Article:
How Useful is Contrast Enema in the Diagnosis of Hirschsprung’s Disease? Five-year Experience from a Local Referral Centre

Full Article

AWY Wong, DSF Tsang, WWM Lam

Hong Kong J Radiol 2014;17:30-5

DOI: 10.12809/hkjr1413206

Objective: To review the diagnostic performance of contrast enema examinations for the investigation of Hirschsprung’s disease, determine the usefulness of delayed 24-hour X-rays, and validate water-soluble contrast enemas for the investigation for patients with suspected Hirschsprung’s disease.

Methods: This was a retrospective study of all neonates and infants referred for radiological evaluation of symptoms and signs suspicious of Hirschsprung’s disease in Queen Mary Hospital, Hong Kong from January 2007 to December 2011. Patients were included in this study when all radiographs were available and Hirschsprung’s disease had been confirmed or excluded by rectal biopsy or by a combination of enema results, manometry, and close clinical follow-up. Radiographs and reports were reviewed with a checklist of radiological criteria described in the literature, including transitional zone, rectosigmoid index (maximum width of rectum divided by maximum width of sigmoid; abnormal if <1), irregular contractions, mucosal irregularity, spasm, serrations and retention of contrast agent on delayed radiographs. The sensitivity, specificity, positive and negative predictive values of each of these criteria were calculated and considered in the context of recommendations described in the literature.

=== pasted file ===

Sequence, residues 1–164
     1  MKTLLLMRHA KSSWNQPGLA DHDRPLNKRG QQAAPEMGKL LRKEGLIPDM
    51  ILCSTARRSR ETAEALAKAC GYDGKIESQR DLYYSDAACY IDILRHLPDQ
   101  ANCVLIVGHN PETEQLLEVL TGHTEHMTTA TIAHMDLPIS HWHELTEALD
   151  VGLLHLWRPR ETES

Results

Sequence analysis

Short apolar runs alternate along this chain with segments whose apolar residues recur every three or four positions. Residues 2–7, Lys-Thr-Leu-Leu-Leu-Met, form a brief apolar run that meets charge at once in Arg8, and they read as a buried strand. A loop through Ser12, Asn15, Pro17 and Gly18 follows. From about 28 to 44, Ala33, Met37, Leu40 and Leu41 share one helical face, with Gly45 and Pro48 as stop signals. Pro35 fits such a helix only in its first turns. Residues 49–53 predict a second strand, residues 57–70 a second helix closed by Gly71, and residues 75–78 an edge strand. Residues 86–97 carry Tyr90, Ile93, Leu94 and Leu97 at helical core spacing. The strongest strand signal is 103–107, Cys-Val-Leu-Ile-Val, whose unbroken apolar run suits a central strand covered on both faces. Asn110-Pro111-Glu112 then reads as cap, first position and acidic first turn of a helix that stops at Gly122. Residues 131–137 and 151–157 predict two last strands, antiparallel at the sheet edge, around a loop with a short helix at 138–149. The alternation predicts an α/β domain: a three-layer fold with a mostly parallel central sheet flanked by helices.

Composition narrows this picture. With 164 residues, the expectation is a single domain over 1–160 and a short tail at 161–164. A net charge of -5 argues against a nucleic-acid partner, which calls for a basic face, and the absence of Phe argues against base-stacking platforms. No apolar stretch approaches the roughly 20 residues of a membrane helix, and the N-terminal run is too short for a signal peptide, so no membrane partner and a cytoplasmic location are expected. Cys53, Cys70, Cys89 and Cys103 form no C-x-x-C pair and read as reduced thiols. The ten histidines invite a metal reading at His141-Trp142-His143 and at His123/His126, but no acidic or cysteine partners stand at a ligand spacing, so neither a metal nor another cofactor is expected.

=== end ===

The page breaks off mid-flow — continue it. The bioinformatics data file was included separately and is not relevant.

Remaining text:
Results: A total of 136 such patients were evaluated during the study period, of whom 86 had barium enemas and 57 had water-soluble contrast enemas. Among all the patients reviewed, the sensitivity, specificity, positive and negative predictive values for all enema examinations (excluding delayed films) in the diagnosis of Hirschsprung’s disease were 69%, 89%, 44% and 96%, respectively. While the corresponding values of all enema examinations (including delayed films) were 100%, 78%, 36% and 100%, respectively. Similar results were noted in patients having barium enemas and water-soluble contrast enema examinations. For patients having barium enemas or water-soluble contrast enemas, with the inclusion of delayed films there was a significant increase in sensitivity compared to sensitivity derived without recourse to delayed films, whilst there was only a slight reduction in specificity.

Conclusion: Recourse to water-soluble contrast enemas with the addition of a 24-hour delayed film was useful in the diagnosis of Hirschsprung’s disease.